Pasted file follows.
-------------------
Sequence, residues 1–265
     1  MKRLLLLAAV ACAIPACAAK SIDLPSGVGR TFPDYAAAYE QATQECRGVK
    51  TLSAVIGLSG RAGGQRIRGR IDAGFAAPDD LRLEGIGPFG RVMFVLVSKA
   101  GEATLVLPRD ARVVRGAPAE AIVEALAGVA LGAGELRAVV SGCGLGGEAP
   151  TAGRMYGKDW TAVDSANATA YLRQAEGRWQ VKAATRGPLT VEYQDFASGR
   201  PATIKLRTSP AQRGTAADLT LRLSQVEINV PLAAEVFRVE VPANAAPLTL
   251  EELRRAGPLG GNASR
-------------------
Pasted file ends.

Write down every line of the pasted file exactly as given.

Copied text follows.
Sequence, residues 1–265
     1  MKRLLLLAAV ACAIPACAAK SIDLPSGVGR TFPDYAAAYE QATQECRGVK
    51  TLSAVIGLSG RAGGQRIRGR IDAGFAAPDD LRLEGIGPFG RVMFVLVSKA
   101  GEATLVLPRD ARVVRGAPAE AIVEALAGVA LGAGELRAVV SGCGLGGEAP
   151  TAGRMYGKDW TAVDSANATA YLRQAEGRWQ VKAATRGPLT VEYQDFASGR
   201  PATIKLRTSP AQRGTAADLT LRLSQVEINV PLAAEVFRVE VPANAAPLTL
   251  EELRRAGPLG GNASR